The nation celebrated the happy ending to a decade-long search for three missing women when Amanda Berry, Gina DeJesus and Michelle Knight were found May 6 in a west side neighborhood in Cleveland, Ohio.
As the healing begins for those three women, many Americans have been asking how could they have been held hostage for 10 years just three miles from where they were abducted.
This all happened in a working class, predominantly Hispanic community. One out of every five houses is vacant. Students in the area generally attend Lincoln-West High School, which has a graduation rate of just 46%, which falls below the Cleveland school district`s average of 56%.
Neighbors claim to have called police to report suspicious activity at the home of the women`s accused kidnapper, Ariel Castro; the Cleveland police department denies receiving such calls.
The community is asking questions about the intensity of the search for these women. Exchanges got heated at a town hall in Cleveland on May 9.
"I have a sister that's missing. And it seems like [Cleveland's] Second District [police zone] doesn't care," said one woman. "I`m not getting any help for our sister that's been missing. None."
But police are frustrated as well.
"There's 2,900 missing persons a year," said Police Commander Keith Sulzer. "I don't have that many officers that I can follow-up one person, and I would love to. If I had them, I would gladly do it. But I don't."
What this story brought to light is an issue that goes far beyond Seymour Avenue in Cleveland. Across the country, missing people of lower socioeconomic status are less likely to get the resources and attention typically given to victims from better-off communities.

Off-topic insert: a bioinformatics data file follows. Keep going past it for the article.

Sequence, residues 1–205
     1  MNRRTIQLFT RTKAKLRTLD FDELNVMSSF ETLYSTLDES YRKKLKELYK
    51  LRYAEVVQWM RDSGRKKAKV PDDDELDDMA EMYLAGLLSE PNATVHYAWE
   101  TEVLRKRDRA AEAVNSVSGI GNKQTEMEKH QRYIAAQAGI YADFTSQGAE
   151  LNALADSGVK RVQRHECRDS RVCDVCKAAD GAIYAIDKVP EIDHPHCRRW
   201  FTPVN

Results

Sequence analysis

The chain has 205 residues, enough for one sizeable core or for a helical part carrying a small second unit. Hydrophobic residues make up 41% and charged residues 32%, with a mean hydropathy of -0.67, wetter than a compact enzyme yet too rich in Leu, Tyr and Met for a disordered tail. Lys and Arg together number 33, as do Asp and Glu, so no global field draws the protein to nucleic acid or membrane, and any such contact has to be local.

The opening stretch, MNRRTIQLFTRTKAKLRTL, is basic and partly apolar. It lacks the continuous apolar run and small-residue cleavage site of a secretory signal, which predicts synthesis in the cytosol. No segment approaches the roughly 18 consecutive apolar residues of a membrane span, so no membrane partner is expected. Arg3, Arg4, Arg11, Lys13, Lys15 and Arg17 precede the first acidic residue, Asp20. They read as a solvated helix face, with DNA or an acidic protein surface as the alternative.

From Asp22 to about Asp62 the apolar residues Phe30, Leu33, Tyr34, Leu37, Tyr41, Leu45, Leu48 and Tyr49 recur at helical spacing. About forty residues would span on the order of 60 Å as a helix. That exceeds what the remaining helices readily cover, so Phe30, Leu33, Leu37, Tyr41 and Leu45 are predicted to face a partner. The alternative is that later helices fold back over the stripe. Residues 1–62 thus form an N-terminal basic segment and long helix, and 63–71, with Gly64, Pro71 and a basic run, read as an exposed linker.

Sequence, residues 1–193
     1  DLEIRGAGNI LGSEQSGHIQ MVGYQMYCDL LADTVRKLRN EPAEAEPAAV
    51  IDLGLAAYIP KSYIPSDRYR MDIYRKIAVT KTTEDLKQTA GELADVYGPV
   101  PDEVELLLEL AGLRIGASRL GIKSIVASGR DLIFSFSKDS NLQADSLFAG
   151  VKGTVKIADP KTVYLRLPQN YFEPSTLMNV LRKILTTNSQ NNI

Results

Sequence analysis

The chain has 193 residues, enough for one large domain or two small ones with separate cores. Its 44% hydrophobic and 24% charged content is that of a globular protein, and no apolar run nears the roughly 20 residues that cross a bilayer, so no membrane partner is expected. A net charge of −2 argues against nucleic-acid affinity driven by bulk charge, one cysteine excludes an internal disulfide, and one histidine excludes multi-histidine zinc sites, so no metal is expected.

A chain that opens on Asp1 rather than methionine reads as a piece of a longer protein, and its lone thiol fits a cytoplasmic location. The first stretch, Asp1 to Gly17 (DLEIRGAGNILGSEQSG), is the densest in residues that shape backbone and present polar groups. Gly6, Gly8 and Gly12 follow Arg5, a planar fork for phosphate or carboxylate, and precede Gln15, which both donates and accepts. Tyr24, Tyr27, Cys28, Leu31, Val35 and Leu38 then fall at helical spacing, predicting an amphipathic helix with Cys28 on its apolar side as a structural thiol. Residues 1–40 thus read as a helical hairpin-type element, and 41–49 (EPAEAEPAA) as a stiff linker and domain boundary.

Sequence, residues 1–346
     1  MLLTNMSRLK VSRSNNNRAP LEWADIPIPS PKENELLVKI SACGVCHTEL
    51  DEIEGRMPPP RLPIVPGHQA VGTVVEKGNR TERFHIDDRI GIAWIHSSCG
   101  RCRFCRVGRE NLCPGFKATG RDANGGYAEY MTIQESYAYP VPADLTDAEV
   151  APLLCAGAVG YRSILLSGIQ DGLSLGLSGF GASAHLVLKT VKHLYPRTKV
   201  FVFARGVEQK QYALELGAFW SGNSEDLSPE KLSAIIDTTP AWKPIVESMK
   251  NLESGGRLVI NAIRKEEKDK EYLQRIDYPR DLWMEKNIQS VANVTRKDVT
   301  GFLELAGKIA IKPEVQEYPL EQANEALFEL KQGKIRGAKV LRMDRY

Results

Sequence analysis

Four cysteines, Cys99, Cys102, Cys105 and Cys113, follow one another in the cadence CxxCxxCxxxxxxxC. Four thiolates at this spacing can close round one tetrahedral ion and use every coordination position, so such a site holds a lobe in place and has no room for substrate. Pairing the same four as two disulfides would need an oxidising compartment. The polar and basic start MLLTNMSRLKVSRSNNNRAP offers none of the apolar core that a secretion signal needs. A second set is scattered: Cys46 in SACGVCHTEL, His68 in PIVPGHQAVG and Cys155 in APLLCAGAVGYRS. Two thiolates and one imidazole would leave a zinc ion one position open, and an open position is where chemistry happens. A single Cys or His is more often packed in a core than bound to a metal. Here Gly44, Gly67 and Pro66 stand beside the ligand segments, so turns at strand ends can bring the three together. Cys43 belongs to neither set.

"We used to have many police centers here in the city of Cleveland when I was on the Cleveland city council, but those dollars were cut on the federal level," Ohio state Sen. Nina Turner (D-Cleveland) told The Ed Show. "We've got to bring back the relationship between neighborhoods and police and make sure that we know that there are no throwaway neighborhoods."
In 2012, it was reported that more than half the cities with the highest violent crime rates cut law enforcement budgets. Cities like Oakland, California, and Camden, New Jersey, where boots on the ground are seriously needed.
"While it may be a good bumper sticker to say, 'let's cut taxes,' that has real life effects," Virginia Delegate Charniele Herring (D-46th) told The Ed Show. "And it affects families."
Republicans love to boast about cuts to the public workforce, but police, firefighters and teachers bear the brunt of budget cuts. These are public sector jobs, necessary to prevent crimes and respond to crimes. And they've been slashed in neighborhoods that need them the most.
Turner predicts the issue will be a "big deal" in the 2014 midterm elections.
"We have to decide in the city of Cleveland and in the state of Ohio, do we want to live in a city or a cemetery?" she said. "Do we want to live in a state that is vibrant for all folks or one that only takes care of the ultra-wealthy?